In Rise of the Gorgon, author Tanai Walker peels back fabricated reality to delve into a world that unveils the truth behind conspiracy theories. Elle Pharell is a journalist with a skin thick enough to repel the verbal bullets that conservative pundits throw at her and her mentor/business partner, Anne Humphries, on a daily basis. No amount of grit, however, could shield Elle from witnessing the suicide of her friend Rob Loera, an army veteran with severe PTSD. Elle travels to Kuwait City in search of the private security firm that Rob worked for after several tour of duties, a firm that may have contributed to Rob’s mental health struggles and death. Elle is aided by Cassandra Hunt (a skilled translator) and ex-military men who know the lay of the land.
Elle had no idea her search would land her in a secret world filled with assassins, hordes of possessed/zombie-like people, and operatives that hold the keys to biochemical warfare and mind control. Cassandra protects Elle at every turn— even after her cover is blown and it’s revealed that her original mission was to kill Elle. Cassandra finds herself torn between duty and Elle, a woman who captured her interest upon first meeting. Elle is smitten, too. She can’t deny the immediate attraction they share, and she trusts Cassandra to deliver her to safe ground. In the end, Elle’s journey to Kuwait City is bittersweet.
Elle’s drive to vindicate Rob interested me, and the author drew curiosities from both Elle and Cassandra’s perspectives. But, I found myself lost about the roles of the secret factions that popped up throughout Elle’s run for safety; I never understood whether there was a difference between Olympus and Olympicorp.
As the title suggests, Cassandra is a Gorgon, which references a mythical creature from Greek mythology. She possesses extraordinary abilities that her enemies should fear. Initially, she’s a mindless weapon that leads a life with no substance; therefore, her attraction to Elle made sense to me. Elle’s attraction to Cassandra didn’t. She quickly abandoned her resolve for a stranger; they didn’t share a brief history or any commonalities or personal interests. Because there was no context to their relationship, the romantic element undermined the author’s strengths in weaving a thriller— a thriller lead by a Black lesbian character.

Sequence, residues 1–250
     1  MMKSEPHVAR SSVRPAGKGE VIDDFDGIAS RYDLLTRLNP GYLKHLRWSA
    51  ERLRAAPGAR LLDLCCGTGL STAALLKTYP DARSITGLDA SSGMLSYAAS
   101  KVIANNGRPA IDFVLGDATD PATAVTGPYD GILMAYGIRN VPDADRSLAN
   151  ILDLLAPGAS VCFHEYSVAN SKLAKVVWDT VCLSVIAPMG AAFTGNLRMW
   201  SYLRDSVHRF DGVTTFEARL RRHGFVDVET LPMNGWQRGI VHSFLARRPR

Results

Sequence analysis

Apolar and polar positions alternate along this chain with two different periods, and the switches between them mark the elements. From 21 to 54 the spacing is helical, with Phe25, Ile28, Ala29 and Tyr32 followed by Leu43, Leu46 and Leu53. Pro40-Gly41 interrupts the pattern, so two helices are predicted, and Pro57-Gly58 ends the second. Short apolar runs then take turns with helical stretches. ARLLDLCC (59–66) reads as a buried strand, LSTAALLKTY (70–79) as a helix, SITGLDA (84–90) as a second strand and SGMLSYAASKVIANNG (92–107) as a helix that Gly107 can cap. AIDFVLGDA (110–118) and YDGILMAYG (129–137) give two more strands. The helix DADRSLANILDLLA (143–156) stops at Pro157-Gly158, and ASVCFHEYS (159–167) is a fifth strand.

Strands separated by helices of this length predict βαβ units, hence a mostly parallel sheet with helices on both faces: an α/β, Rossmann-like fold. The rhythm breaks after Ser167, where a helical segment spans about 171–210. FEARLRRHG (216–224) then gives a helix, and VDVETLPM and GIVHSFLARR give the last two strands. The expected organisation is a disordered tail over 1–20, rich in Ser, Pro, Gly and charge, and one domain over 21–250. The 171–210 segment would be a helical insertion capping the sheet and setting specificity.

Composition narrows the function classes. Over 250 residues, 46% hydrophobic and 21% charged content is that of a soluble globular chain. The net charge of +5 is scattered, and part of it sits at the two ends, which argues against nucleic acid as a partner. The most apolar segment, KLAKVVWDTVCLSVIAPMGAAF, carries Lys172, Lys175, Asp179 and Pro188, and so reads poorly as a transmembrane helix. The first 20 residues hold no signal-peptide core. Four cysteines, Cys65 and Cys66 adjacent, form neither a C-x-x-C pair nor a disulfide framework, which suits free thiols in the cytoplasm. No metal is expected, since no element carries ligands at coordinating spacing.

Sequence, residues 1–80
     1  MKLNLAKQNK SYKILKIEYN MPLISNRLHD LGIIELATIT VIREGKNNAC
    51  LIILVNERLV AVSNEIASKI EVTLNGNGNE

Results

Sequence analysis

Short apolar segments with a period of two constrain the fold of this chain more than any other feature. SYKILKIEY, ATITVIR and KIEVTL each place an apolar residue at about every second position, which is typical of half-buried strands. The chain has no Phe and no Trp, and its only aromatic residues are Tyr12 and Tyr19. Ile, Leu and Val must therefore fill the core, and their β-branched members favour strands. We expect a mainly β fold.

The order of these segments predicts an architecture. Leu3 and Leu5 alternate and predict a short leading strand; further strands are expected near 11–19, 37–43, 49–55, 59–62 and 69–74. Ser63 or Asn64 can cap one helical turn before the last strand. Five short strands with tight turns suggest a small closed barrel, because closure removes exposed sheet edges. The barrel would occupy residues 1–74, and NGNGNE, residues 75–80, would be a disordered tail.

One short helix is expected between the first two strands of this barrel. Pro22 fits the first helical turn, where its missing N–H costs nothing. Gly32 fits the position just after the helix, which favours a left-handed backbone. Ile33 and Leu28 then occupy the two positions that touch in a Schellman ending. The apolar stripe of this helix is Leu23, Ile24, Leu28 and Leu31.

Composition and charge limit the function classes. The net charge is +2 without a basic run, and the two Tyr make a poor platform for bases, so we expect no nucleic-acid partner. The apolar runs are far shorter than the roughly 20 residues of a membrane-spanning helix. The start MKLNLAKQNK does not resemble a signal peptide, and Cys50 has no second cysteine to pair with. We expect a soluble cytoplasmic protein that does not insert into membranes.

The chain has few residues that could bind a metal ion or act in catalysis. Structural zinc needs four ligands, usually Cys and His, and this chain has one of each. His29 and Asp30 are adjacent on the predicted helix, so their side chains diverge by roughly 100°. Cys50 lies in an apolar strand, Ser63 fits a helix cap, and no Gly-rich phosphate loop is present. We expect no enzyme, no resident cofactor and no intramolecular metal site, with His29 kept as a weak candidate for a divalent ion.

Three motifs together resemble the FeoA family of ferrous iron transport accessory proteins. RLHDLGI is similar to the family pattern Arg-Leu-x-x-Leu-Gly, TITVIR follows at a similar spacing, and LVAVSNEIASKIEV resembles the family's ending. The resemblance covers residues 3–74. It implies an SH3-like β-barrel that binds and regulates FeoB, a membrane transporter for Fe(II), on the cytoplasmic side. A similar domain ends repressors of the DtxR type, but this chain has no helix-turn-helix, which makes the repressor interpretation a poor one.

Moreover, Elle was initially presented as an intelligent journalist who should have maintained enough professional integrity to curb the personal while in Kuwait. The overall premise was sensible; however, during rising danger and tension, Elle dismissed strategy for a string of f-bombs.
To end, the plot events shaped a forward moving and twisting narrative, but I wish the plot could have been simplified a little so that it didn’t overrun the story or the potential for Elle to be more than a flat character. I wanted Elle to have a deeper emotional journey. After all, the author shares on her website that she created Elle “in honor of black women struggling to just be seen and heard in a culture that does not necessarily value pursuits that don’t involve athletics, dancing or singing.” I appreciate this observation and understanding that we deserve narratives beyond the superficial, and that our pursuits are highly diverse— as evidenced in part of Elle’s characterization.
Reviewed by: Lauren Cherelle
Lauren Cherelle uses her time and talents to traverse imaginary and professional worlds. She recently penned her sophomore novel, The Dawn of Nia (Resolute Publishing, 2016). Outside of reading and writing, she enjoys new adventures with her partner of thirteen years. You can find Lauren online at Twitter, www.lcherelle.com, and Goodreads.